FORMER Wales goalkeeper Neville Southall has in recenty years become a phenomenon for his use of social media to promote left wing causes and activism.

The man who played between the sticks for Wales from the 1980s through to the late 1990s - and who for a while was regarded as the best goalkeeper in the world - has become a favourite on Twitter for his support for left wing politics but also crucially the role he plays in highlighting social causes.

His Twitter Takeover events sees the man affectionately known as 'Big Nev' hand control of his account to organisers or activists to highlight a particular cause for an evening.

That has included LGBTQ rights and Trans issues and in 2019 he allowed Labour supporters for an independent Wales to use his account to push the case for independence.

Now a mental health consultant has revealed how one of the former Everton player's 'Takeover' events led to him becoming an organ donor.

Azeem Ahmad became a living kidney donor for someone he didn’t know in 2019.

The 35-year-old, from Newcastle, said: “I first really became aware of organ donation in 2017 when Andy Cole, the former footballer, needed a kidney. I think I had that in the back of my mind for some time.

“When Neville Southall did a ‘Twitter takeover’ for the family of a young girl who needed a kidney, I thought that I should see if I could be a match and so I got in touch.

“The specialists really helped me understand about all the different options available to me and the more I knew, the more I decided it was the right thing for me to do.

“I was eventually matched with a number of potential people needing a kidney and in 2019 I was asked if I would donate to a person who was the best match for me.

“I don’t think it is for everyone, but for me it was definitely the right thing to do.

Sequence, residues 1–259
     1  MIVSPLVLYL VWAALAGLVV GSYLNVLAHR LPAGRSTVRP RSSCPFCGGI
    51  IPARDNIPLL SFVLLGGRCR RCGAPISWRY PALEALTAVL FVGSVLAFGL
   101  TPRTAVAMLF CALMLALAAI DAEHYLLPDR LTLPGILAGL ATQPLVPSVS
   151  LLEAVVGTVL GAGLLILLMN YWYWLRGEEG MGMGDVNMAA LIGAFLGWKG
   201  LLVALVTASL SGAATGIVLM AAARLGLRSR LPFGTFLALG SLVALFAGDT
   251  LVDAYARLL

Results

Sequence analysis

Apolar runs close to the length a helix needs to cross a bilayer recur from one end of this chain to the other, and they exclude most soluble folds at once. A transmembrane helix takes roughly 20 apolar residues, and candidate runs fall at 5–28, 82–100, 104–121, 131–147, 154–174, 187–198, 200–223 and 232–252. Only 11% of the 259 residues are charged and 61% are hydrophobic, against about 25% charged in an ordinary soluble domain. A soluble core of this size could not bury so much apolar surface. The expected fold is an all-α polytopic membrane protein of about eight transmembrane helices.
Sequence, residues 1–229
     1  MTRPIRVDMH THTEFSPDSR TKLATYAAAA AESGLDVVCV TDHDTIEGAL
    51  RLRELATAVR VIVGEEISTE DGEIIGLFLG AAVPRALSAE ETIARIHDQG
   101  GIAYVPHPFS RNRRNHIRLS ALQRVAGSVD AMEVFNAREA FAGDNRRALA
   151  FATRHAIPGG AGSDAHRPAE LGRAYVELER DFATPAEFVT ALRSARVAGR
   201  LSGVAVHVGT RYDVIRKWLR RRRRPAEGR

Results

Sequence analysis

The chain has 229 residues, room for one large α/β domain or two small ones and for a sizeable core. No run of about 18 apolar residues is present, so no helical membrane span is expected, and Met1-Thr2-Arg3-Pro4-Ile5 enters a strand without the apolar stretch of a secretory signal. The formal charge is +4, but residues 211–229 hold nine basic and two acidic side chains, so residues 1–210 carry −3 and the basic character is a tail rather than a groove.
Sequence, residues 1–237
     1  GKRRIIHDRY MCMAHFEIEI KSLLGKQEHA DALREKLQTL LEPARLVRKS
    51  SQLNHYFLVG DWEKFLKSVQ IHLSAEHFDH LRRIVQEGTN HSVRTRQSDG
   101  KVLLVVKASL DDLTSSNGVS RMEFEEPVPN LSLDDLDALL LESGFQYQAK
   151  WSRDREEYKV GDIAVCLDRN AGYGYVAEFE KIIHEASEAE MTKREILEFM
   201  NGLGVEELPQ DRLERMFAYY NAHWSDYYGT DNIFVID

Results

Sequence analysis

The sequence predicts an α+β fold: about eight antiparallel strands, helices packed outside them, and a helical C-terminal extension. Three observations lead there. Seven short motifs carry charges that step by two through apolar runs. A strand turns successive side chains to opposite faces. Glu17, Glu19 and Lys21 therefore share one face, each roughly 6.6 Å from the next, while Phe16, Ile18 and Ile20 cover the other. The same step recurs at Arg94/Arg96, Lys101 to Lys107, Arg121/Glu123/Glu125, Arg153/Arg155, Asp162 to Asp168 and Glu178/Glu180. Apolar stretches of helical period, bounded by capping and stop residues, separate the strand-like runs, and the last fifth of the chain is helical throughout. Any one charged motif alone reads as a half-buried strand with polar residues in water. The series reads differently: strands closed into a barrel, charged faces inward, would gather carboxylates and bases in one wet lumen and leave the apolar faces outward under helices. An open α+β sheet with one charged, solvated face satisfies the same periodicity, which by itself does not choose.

“I had to take things slowly. Initially I did get fatigued from time to time, but I’m back to health and running again. I’ve called my remaining kidney ‘Kevin’ because he is Home Alone.

“Getting a card from the person who received my kidney was an amazing moment. I didn’t know myself, I didn’t realise how much it would affect me. It meant so much to me. It hit me really hard.

“I hope that my story will inspire others. I hope that by sharing my story that someone might read it and think ‘Maybe I can do that’.”

NHS Blood and Transplant is running a campaign urging people to share and register their decision about organ donation on World Kidney Day.

Even though the law around organ donation for the deceased has now changed to an opt-out system, bringing England and Scotland into line with Wales, many people remain unaware that families will still always be consulted before organ donation goes ahead.

The campaign comes as a separate campaign, the ORGANise initiative, was launched to boost the number of organ donors from black, Asian, mixed heritage and minority ethnic communities.

More information on donation is available at or from  0300 123 23 23.

  • This article originally appeared on our sister site The National. Additional reporting: Ella Pickover, PA Health Correspondent